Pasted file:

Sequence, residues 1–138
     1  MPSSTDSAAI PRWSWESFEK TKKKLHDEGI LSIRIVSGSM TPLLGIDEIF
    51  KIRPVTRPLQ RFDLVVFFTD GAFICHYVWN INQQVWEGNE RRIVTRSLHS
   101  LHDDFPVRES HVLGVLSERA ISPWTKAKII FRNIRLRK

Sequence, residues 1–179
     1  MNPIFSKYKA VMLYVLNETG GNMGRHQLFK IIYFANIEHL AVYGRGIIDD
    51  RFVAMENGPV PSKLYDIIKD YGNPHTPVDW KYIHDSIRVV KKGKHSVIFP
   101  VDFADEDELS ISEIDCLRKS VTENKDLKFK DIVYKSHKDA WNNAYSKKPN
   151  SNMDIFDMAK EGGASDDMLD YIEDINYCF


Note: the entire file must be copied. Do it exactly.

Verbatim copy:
Sequence, residues 1–138
     1  MPSSTDSAAI PRWSWESFEK TKKKLHDEGI LSIRIVSGSM TPLLGIDEIF
    51  KIRPVTRPLQ RFDLVVFFTD GAFICHYVWN INQQVWEGNE RRIVTRSLHS
   101  LHDDFPVRES HVLGVLSERA ISPWTKAKII FRNIRLRK

Sequence, residues 1–179
     1  MNPIFSKYKA VMLYVLNETG GNMGRHQLFK IIYFANIEHL AVYGRGIIDD
    51  RFVAMENGPV PSKLYDIIKD YGNPHTPVDW KYIHDSIRVV KKGKHSVIFP
   101  VDFADEDELS ISEIDCLRKS VTENKDLKFK DIVYKSHKDA WNNAYSKKPN
   151  SNMDIFDMAK EGGASDDMLD YIEDINYCF